Editor's Note: The former AARP member arguing against the Obama administration’s health care proposal garnered the most attention on Tuesday’s American Morning, with the majority angered that only one side of the argument was presented.
As one of the largest senior lobbying group in the United States, do you believe that AARP will play an important role in the acceptance or rejection of President Obama’s proposed health care plan? Should the organization be neutral, or choose a specific stance on this issue?
A serial bank robber has reportedly struck again. It's believed he's hit as many as ten banks in eight states across the South from Louisville, Kentucky to Charleston, South Carolina.
The FBI is releasing photos of the man and using electronic billboards along major highways to warn the public. The suspect is considered armed and dangerous.
FBI Agent Kevin Keithley in Johnson City, Tennessee spoke to John Roberts on CNN's "American Morning" Tuesday.
Washington Post Correspondent T.R Reid went around the world asking a simple question: "Can you fix my bum shoulder?"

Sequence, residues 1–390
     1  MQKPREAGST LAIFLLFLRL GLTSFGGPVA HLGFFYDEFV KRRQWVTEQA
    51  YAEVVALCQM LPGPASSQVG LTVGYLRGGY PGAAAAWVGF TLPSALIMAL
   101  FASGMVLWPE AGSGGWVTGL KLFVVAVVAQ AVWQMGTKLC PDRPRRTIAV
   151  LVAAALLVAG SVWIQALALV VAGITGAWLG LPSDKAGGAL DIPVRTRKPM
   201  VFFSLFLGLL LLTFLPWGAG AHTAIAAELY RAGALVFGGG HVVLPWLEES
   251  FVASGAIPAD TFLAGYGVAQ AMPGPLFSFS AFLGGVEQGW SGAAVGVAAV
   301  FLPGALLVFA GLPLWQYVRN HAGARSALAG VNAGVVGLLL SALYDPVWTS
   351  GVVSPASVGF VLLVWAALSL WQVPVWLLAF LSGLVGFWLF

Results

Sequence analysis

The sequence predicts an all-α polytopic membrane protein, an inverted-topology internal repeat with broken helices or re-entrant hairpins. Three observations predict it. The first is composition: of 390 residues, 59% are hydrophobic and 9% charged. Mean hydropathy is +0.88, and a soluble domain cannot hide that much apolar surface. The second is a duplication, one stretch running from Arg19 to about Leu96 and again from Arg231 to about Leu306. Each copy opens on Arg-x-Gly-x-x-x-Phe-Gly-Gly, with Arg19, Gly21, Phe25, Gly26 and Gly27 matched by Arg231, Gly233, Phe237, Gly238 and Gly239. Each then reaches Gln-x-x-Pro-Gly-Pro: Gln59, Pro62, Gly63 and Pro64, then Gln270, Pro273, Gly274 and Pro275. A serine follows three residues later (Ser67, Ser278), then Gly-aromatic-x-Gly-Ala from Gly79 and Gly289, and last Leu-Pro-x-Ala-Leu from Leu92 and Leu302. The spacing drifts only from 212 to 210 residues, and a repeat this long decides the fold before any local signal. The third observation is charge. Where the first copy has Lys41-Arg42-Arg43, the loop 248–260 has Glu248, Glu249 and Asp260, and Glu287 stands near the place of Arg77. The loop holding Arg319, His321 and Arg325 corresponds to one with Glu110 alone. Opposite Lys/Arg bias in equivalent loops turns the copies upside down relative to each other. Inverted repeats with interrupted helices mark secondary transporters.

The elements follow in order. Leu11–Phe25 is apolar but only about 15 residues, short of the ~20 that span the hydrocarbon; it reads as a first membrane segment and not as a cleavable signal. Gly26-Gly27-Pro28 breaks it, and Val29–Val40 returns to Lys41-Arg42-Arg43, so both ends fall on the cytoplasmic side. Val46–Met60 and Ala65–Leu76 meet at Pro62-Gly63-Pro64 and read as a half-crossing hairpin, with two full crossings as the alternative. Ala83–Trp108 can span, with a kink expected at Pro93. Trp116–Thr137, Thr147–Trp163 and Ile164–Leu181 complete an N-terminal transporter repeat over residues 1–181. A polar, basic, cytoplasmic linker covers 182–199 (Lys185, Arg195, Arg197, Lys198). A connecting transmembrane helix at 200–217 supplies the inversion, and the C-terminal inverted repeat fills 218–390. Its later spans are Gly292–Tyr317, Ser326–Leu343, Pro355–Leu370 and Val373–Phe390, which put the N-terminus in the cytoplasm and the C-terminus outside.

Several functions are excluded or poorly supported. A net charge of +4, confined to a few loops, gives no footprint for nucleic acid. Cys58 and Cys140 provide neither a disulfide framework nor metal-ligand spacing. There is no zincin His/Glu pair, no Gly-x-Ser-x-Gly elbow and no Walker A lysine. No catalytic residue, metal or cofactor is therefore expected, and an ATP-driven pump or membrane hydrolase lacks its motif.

He received a variety of treatments and spoke to doctors, health care experts, government officials and patients to help figure out how other countries provide quality health care at a reasonable cost.
Reid describes his journey in his new book "The Healing of America: A Global Quest for Better, Cheaper, and Fairer Health Care." He joined Kiran Chetry on CNN's "American Morning" Tuesday.
This week marks four years since Hurricane Katrina took its deadly toll on New Orleans. And in many places around the city the wounds are still fresh.
Today in our special series "After the Storm," our Dr. Sanjay Gupta reports the city's medical system is piecing itself back together. And it's doing it one clinic at a time.
Her identity revealed, a blogger who posted rants about model Liskula Cohen said she was the real victim in the case and plans to sue Google for violating her privacy.
Rosemary Port and her lawyer said Monday that they will file a $15 million lawsuit against the search engine giant for not doing enough to protect her identity.
"I not only feel my client was wronged, but I feel now it sets precedent that anyone with money and power can get the identity of anyone that decides to be an anonymous blogger," said Salvator Strazzullo, Port's lawyer.
A New York Supreme Court judge ordered Google to reveal Port's identity after Cohen sued the company to acquire information about the anonymous blogger.
Should bloggers' identities be private? Is freedom of speech protected online? Tell us your thoughts.
Here are the big stories on the agenda today: